|Title||Solid phase immune electron microscopy for diagnosis of transmissible gastroenteritis in pigs|
|Author(s)||Nieuwstadt, A.P. van; Cornelissen, J.B.W.J.; Vreeswijk, J.|
|Source||Research in Veterinary Science 44 (1988)3. - ISSN 0034-5288 - p. 286 - 294.|
|Department(s)||Wageningen Bioveterinary Research|
|Publication type||Refereed Article in a scientific journal|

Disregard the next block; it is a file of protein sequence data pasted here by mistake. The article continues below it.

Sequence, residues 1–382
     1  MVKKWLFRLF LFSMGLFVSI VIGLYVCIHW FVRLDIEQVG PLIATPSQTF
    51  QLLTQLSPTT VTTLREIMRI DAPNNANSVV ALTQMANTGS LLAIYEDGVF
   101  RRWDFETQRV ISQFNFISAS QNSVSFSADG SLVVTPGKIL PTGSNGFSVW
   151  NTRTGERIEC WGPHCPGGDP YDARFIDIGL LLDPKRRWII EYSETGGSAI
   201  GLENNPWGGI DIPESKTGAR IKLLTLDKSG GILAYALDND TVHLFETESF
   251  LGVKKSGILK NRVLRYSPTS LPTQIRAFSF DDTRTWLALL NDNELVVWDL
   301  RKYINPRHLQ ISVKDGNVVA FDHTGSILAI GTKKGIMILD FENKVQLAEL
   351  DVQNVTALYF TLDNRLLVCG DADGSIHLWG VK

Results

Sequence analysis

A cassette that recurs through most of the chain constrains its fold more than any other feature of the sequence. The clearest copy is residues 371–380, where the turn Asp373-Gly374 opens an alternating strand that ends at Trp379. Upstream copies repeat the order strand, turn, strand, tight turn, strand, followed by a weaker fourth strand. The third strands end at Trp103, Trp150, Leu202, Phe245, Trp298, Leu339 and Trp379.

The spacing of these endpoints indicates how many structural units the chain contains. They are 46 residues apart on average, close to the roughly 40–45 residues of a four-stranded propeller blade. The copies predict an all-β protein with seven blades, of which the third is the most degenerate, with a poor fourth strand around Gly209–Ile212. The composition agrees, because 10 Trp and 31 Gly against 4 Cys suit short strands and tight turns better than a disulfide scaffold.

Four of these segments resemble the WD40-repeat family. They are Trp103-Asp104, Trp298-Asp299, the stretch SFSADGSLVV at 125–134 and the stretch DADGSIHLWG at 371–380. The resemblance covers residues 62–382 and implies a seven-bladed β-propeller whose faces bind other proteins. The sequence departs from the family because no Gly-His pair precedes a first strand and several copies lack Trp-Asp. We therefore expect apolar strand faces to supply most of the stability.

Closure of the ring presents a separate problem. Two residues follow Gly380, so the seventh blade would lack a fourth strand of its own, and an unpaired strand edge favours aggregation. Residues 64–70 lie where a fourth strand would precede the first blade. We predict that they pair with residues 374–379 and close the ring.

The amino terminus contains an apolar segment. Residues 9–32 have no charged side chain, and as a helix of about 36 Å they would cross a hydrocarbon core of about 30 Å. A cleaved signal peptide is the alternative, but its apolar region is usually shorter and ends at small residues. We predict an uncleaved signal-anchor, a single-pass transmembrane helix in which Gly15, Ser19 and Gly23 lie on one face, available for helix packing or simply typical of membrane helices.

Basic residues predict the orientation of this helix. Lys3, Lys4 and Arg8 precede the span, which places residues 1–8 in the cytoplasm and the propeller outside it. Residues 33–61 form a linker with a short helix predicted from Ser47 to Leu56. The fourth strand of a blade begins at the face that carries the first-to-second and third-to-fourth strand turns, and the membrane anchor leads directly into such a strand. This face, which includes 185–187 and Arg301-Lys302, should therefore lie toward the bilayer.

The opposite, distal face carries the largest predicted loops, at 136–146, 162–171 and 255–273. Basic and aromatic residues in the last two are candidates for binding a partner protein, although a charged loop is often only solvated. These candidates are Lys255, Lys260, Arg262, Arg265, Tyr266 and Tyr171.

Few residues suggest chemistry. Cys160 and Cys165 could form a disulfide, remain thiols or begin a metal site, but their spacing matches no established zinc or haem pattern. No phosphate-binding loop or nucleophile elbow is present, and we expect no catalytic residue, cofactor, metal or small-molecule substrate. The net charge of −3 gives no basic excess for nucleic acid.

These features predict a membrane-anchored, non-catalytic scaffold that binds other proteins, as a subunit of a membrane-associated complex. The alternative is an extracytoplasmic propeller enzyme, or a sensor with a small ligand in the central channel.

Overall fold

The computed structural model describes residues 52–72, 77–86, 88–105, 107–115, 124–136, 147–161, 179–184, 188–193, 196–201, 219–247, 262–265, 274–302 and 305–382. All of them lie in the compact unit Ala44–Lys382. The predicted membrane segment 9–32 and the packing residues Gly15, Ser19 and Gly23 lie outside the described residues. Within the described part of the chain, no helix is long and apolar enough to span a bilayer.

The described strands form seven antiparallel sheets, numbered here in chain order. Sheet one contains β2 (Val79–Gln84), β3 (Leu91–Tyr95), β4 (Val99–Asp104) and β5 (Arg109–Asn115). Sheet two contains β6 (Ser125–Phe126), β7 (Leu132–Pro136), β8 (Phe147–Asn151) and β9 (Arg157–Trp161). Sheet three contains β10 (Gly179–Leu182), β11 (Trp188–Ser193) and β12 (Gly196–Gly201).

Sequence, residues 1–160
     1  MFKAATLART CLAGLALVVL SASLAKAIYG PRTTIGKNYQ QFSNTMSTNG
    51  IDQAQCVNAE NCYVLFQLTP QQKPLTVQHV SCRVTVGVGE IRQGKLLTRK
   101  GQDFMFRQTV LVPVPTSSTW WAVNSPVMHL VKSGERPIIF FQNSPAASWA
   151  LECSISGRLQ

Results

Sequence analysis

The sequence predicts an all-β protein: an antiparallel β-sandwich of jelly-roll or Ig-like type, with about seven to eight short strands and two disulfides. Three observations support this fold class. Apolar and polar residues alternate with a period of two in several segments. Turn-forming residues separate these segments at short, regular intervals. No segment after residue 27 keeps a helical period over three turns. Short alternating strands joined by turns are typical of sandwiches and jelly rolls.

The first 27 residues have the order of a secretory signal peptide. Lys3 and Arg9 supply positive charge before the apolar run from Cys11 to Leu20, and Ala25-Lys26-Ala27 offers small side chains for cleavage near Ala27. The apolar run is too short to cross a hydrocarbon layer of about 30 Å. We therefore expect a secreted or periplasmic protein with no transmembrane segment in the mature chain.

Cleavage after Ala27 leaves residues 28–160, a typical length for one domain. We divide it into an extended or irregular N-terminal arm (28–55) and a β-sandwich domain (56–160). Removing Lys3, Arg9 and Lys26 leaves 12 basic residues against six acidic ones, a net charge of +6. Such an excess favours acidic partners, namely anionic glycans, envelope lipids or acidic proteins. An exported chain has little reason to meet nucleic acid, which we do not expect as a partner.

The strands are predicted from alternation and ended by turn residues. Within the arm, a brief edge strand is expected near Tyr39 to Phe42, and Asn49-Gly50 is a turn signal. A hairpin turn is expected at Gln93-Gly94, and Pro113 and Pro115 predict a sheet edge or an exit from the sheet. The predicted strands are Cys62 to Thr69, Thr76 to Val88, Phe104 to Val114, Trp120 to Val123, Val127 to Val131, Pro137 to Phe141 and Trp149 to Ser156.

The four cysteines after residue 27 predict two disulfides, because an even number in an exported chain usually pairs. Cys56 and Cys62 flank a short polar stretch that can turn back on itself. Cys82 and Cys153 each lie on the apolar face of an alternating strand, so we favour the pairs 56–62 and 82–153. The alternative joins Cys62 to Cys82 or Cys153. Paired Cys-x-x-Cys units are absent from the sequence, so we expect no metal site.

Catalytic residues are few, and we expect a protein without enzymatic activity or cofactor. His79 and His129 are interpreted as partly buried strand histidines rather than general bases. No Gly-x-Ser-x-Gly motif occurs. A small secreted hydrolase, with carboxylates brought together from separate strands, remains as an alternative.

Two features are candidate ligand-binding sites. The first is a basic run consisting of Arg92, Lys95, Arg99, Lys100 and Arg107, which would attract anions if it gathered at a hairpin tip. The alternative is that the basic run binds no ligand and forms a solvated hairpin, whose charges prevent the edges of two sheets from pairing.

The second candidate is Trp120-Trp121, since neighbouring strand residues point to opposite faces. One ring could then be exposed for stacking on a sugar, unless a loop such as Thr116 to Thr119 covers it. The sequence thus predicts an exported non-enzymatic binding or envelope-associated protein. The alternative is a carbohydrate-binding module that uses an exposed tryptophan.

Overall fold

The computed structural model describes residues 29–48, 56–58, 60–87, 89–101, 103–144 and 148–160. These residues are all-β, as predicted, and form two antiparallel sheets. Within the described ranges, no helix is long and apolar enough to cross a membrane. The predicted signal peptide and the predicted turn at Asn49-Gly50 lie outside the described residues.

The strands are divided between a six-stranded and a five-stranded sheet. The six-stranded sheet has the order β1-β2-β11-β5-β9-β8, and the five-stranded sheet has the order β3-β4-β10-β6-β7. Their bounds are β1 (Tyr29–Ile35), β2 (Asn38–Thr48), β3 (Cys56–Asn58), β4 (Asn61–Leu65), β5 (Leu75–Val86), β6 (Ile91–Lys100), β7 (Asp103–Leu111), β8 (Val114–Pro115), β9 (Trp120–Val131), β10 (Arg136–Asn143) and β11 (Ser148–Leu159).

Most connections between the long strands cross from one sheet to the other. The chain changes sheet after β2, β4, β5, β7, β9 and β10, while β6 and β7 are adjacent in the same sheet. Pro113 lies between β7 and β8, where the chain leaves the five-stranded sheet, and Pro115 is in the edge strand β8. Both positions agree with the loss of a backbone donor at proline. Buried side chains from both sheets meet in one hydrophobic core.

A serological trapping technique is described for detecting transmissible gastroenteritis (TGE) virus in faeces. The technique involves the coating of electron microscope grids with protein A and specific TGE virus antiserum. Optimal conditions for performing this solid phase immune electron microscopy technique were a concentration 250 micrograms ml-1 of protein A; 1:100 diluted rabbit anti-TGE virus hyperimmune serum for coating the grids and overnight incubation with virus samples. The possibility of detecting coronavirus in crude faeces was highly improved with solid phase immune electron microscopy, compared with conventional negative staining electron microscopy, by specific trapping of virus and prevention of adsorption of contaminants. The sensitivity of the method was evaluated by coded investigation of a dilution series of stock virus mixed with different pools of faeces. The improvement of virus detection in faeces by solid phase immune electron microscopy, compared with standard electron microscopy was at least 100-fold. Faecal shedding of coronavirus by pigs infected with virulent and attenuated strains of TGE virus was studied. Virus detection in faeces by a standard electron microscopy technique was not practical, since the virus was obscured by a large quantity of debris in the faeces. By using solid phase immune electron microscopy, however, the aspect of the specimens on the grids improved so much that, in addition to more common immunofluorescence, the technique might be useful as a diagnostic test for TGE. Virus was detected in daily faecal samples from one or two days after experimental infection with virulent TGE virus, until death in five out of eight animals. Unlike immunofluorescence, solid phase immune electron microscopy may be used for diagnosis in living animals.